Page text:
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  5. As one of the main editors of Madness Network News (1974-1986ish), I object to the co-option of our name and graphics to support the concept of paying attention to the voices of “users” of psychiatry. It’s true that in the very early days of MNN (before i got involved) there may have been more of a focus of getting mental health professionals to pay attention to what “users” had to say, but for most of its 14 years of existence, when it was completely created by survivors of psychiatry (with the exception of the husband of one psychiatric survivor), the focus of the paper was entirely on abolishing forced psychiatric treatment and validating “mad” states of mind.

    The editors and contributors of Madness Network News did not consider themselves to be users of psychiatry because it was never their choice to be recipients of mental health services to begin with. Thank you, yinyang for encouraging everyone to check out the original copies of MNN that have now been put online at (Also all the old copies of our sister Canadian journal, Phoenix Rising). We, the former MNN editors, gave our blessing to this new site and are immensely appreciative of them making all the back issues available. We have not attempted to monitor the content of the new MNN site, feeling that the back issues speak for themselves and most of the original editors are now dead or well past retirement age.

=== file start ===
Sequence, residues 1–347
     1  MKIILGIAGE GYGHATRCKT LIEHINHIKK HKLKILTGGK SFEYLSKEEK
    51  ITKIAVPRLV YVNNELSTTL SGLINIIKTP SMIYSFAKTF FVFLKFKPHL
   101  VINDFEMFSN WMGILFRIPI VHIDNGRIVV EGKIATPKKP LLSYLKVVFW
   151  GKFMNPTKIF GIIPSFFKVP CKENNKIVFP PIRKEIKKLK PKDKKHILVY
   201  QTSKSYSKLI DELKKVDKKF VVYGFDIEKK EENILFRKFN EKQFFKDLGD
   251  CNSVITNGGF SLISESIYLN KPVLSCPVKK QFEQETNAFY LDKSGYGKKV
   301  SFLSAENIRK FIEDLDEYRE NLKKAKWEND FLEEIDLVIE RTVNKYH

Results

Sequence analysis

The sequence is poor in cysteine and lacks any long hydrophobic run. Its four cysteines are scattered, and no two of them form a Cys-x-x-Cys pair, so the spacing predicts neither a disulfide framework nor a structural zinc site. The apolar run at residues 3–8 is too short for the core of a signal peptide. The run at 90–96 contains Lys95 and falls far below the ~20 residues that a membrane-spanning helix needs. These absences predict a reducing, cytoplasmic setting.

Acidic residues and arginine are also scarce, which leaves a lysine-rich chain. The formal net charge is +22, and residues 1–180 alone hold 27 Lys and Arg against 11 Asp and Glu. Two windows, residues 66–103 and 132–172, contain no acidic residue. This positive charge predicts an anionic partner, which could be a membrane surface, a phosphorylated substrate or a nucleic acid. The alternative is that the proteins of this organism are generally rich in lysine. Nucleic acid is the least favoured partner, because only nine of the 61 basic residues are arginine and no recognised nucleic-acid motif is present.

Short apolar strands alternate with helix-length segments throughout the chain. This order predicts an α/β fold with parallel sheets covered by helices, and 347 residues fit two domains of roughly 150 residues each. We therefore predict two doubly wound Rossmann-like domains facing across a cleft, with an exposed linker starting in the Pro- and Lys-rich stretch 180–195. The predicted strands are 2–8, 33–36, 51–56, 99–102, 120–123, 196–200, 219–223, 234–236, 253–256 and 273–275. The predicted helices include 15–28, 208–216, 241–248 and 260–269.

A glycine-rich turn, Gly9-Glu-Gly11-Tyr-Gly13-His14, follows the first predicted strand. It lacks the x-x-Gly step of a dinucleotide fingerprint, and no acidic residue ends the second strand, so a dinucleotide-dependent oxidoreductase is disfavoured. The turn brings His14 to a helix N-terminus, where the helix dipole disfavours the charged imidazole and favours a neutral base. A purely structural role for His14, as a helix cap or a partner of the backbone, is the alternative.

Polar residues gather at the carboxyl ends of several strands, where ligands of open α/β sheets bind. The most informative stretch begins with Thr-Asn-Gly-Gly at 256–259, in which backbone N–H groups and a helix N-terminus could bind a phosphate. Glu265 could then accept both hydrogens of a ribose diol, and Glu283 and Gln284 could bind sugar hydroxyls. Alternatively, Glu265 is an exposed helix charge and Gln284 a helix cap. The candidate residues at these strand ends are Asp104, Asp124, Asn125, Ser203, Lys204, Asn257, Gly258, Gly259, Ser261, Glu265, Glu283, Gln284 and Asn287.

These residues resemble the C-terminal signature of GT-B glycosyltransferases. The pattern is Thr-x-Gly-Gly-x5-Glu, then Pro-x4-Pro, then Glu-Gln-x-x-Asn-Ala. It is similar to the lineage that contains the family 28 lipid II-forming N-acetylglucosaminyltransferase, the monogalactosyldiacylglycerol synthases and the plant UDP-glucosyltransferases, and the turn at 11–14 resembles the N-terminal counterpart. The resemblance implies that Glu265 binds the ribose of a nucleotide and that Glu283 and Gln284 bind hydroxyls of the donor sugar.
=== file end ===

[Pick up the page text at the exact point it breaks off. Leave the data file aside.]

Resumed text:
It’s not true that none of us are any longer engaged in fighting psychiatry, however. I wrote a long history of the early anti psychiatry/ psychiatric survivor movement, and the history of Madness Networks News, which can be found here at MIA. I’ve been making this available to people in various online groups who want to learn more about the early (i.e. authentic) anti psychiatry movement. Currently i am engaged in a lost campaign to convince the National Association of Rights Protection and Advocacy to end their disgusting and pro-forced-treatment policy or requiring attendees at their national conferences to show proof of covid vaccination and wear masks.